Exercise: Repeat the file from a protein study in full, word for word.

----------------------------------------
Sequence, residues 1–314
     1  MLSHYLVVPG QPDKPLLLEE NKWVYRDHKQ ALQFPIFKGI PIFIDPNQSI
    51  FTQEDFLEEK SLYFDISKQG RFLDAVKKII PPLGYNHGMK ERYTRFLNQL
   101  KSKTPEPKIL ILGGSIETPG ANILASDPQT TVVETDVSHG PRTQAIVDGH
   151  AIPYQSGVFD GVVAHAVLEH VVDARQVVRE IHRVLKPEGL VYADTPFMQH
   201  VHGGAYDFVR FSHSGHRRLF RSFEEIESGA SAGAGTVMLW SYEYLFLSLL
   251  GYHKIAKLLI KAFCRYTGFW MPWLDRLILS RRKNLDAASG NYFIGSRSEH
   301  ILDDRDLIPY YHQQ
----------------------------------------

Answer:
Sequence, residues 1–314
     1  MLSHYLVVPG QPDKPLLLEE NKWVYRDHKQ ALQFPIFKGI PIFIDPNQSI
    51  FTQEDFLEEK SLYFDISKQG RFLDAVKKII PPLGYNHGMK ERYTRFLNQL
   101  KSKTPEPKIL ILGGSIETPG ANILASDPQT TVVETDVSHG PRTQAIVDGH
   151  AIPYQSGVFD GVVAHAVLEH VVDARQVVRE IHRVLKPEGL VYADTPFMQH
   201  VHGGAYDFVR FSHSGHRRLF RSFEEIESGA SAGAGTVMLW SYEYLFLSLL
   251  GYHKIAKLLI KAFCRYTGFW MPWLDRLILS RRKNLDAASG NYFIGSRSEH
   301  ILDDRDLIPY YHQQ